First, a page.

My spouse’s blue eyes filled with kindness as he says “goodbye” to me no matter the kind of morning we’ve all had.
My daughter’s kind words as she looks over my shoulder at the work I am doing.
My son pats on my back at the end of a hug between us before he catches his ride to school.
The way my mom smiles at me excitedly and lovingly every single time I see her.
My dad texting me that he read my latest blog post and thinks I’m an amazing writer.
A neighbor in our new town brings over homemade cookies – just when I’m feeling, “I wonder if we’ll really get to know people here.”
The seamstress at the tailor vulnerably sharing with me that she just lost her mother-in-law while my daughter and I listen.
Listening to a client and getting a deep intuitive sense of the deeper calling/longing/invitation, sharing this with the client, and guiding the client into an experience of her own nervous system knowing how to heal an old wound and pattern.
Looking out the windows in the back of our house each night at the sun setting over the mountains.
The way our dog is truly a “therapy dog” as he gently lays his head in a person’s lap.
Warm sheets, warm slippers that my sister-in-law gave to me, hot water for a shower at the turn of a knob.
These are the precious gems I notice when I pause and incline my mind toward gratitude. They open me, make me tender, and connect me to my own heart, nature, the world around me, my dear ones, and people who I see in a day. Though it comes more naturally for me these days because I’ve been intentional about gratitude, it is still not easy ALL THE TIME. I get frustrated. I have my own triggers. But then some Grace calls my attention, “Look here. See this. Linger here. Notice this.” And I pause. A lot.
Though I am pretty good at noticing the good, something happened this past spring that called me to a deeper practice of gratitude: my mom had a heart attack.
I got a call that makes you go numb for a moment and then you jump into action. I found myself driving down 270 at 4 a.m. wondering if the clothes I was wearing would be the ones in which I would say goodbye to my mom. Watching while they wheeled my mom into the operating room, standing there holding my dad’s hand – something changed in me.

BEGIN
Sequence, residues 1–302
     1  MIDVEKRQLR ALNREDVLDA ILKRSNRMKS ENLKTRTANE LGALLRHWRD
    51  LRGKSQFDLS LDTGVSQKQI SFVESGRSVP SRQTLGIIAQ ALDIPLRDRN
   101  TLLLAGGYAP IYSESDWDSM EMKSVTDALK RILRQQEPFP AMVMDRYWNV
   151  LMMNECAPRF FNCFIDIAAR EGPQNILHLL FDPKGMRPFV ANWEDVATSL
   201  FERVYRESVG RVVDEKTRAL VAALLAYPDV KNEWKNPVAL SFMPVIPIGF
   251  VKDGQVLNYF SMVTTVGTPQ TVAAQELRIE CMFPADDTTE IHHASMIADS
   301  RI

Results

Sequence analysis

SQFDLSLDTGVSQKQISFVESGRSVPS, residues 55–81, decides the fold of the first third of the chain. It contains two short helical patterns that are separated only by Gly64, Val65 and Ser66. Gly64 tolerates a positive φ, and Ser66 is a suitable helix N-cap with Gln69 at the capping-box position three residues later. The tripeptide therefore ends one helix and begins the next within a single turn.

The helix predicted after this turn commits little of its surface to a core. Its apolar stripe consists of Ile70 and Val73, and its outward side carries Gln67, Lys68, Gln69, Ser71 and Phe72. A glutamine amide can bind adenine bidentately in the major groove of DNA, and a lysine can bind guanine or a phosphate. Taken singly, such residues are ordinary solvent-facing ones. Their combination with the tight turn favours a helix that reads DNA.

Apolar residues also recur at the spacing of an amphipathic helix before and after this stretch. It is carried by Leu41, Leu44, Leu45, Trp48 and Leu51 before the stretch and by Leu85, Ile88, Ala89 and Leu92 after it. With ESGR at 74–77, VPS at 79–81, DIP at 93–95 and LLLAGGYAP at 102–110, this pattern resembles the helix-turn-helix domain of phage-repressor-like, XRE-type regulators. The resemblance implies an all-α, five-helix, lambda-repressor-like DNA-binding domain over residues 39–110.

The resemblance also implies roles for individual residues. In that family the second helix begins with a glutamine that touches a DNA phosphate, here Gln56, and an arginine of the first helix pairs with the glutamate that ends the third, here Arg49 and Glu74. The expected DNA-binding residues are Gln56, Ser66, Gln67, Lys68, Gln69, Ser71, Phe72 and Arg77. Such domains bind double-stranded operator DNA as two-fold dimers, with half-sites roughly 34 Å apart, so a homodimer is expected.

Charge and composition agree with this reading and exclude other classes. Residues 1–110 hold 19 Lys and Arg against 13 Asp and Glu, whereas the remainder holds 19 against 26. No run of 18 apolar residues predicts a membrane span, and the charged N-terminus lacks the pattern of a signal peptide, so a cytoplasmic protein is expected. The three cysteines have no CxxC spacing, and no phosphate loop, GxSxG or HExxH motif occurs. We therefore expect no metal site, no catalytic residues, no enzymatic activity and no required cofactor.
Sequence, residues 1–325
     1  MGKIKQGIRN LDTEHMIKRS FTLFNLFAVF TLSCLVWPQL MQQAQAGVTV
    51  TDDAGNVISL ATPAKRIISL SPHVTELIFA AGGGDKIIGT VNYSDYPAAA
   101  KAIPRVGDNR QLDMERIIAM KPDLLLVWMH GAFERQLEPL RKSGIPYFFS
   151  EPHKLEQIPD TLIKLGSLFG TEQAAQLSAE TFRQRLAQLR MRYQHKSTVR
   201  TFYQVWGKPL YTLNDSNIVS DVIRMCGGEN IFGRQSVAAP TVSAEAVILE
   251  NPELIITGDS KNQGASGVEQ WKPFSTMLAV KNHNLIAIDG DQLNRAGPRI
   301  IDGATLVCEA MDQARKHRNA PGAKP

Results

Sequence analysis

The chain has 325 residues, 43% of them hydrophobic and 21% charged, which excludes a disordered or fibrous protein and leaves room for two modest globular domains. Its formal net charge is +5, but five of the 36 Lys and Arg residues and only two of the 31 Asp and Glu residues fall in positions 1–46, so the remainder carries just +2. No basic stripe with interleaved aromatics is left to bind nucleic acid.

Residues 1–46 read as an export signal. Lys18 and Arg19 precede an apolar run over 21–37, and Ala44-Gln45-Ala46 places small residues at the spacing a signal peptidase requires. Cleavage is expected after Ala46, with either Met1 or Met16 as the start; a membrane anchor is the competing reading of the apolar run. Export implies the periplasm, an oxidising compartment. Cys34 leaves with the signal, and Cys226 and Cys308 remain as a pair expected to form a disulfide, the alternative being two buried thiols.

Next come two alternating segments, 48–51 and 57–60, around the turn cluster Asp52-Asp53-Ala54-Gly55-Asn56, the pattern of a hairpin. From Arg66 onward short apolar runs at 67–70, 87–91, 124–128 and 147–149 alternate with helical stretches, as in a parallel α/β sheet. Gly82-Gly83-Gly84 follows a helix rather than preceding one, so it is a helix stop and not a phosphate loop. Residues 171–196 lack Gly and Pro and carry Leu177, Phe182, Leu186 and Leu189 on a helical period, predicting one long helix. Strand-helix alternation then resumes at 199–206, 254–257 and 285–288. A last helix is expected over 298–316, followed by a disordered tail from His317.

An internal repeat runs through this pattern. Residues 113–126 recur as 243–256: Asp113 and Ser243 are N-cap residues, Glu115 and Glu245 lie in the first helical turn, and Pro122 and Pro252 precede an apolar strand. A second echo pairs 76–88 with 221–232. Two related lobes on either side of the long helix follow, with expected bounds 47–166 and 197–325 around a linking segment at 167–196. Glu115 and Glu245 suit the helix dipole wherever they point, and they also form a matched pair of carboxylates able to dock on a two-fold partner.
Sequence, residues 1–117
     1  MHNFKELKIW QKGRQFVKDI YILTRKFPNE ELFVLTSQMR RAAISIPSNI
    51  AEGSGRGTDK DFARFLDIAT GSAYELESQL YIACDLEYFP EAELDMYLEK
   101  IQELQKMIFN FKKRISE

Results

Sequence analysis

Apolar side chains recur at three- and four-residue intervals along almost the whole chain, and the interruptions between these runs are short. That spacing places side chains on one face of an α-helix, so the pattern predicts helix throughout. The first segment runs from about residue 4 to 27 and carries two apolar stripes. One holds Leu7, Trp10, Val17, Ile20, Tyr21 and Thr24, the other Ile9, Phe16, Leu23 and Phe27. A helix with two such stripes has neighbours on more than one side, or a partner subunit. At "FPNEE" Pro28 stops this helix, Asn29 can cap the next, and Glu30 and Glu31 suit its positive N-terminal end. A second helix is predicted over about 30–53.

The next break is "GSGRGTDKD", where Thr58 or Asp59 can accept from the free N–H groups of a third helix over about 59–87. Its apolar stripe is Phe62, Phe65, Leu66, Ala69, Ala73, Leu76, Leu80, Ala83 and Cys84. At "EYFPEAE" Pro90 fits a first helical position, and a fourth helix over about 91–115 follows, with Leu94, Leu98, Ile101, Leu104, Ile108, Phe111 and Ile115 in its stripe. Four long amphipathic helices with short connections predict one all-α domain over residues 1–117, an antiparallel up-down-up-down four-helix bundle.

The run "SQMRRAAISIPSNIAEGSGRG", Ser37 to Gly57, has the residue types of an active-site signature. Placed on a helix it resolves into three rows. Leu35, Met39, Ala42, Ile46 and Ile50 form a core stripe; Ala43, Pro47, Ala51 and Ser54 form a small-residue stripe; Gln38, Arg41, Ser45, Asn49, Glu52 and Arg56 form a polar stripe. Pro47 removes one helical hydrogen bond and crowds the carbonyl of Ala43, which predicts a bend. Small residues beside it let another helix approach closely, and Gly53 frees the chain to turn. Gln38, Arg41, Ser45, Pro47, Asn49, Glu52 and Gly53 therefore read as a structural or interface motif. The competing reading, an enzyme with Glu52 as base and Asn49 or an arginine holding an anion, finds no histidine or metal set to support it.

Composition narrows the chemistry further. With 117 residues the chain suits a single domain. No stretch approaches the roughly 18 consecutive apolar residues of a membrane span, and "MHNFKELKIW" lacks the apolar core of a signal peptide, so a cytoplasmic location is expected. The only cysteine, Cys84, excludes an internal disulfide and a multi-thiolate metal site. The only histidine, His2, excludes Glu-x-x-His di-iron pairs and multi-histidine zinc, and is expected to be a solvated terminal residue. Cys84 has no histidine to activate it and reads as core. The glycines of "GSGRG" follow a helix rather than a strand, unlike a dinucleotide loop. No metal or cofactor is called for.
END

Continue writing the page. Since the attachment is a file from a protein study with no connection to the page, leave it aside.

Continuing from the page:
I realized that while I can “notice the good” and be grateful, I didn’t SHARE my gratitude so easily. With strangers and people I’m not too close to – no problem. But those closest to me?! I’d back away from sharing my gratitude. Why? Honestly, because it made me feel vulnerable and tender. I felt like my tears would be too messy. Me losing it would be too imperfect.
This is called the “gratitude gap.” And it turns out, I’m not alone. Based on a 2012 gratitude survey of over 2000 Americans, authors Emiliana R. Simon-Thomas and Jeremy Adam Smith write:
“The results so far show that gratitude is very important to Americans, and that they actively feel grateful for what they have. But how often, and in what circumstances, do people actually say thanks? The results reveal more evidence for a phenomenon sometimes called the gratitude gap—given how often they feel it, and how important they think it is, Americans do not express gratitude very often.”
My “word for the year” for 2018 is RISK. I don’t need to take risks like sky diving or snorkeling with sharks. The kind of “risk” that my Soul has called me to this year is to RISK VULNERABILITY. And so that’s what I have been risking. Risking vulnerability and SHARING my gratitude.
In my new Gratitude Meditation Bundle, I share two 20-minute guided meditations on gratitude and my Guide to Gratitude.
The first meditation is the meditation that I had practiced for years — recalling the day, imagining going through the day and mindfully noticing the good and cultivating gratitude. First we have to touch into the goodness that is RIGHT HERE in the very ordinariness of our lives. It’s like priming the pump. This is the meditation that I have led hundreds of people through, whether that’s one-on-one in psychotherapy and coaching, or with a group of colleagues in the consulting work I do. EVERY single time I do this meditation – alone, with one person, or with a group — I can literally feel my heart shining brighter. I can feel the energy of my heart expanding. And I can sense it in the other people I am with, too.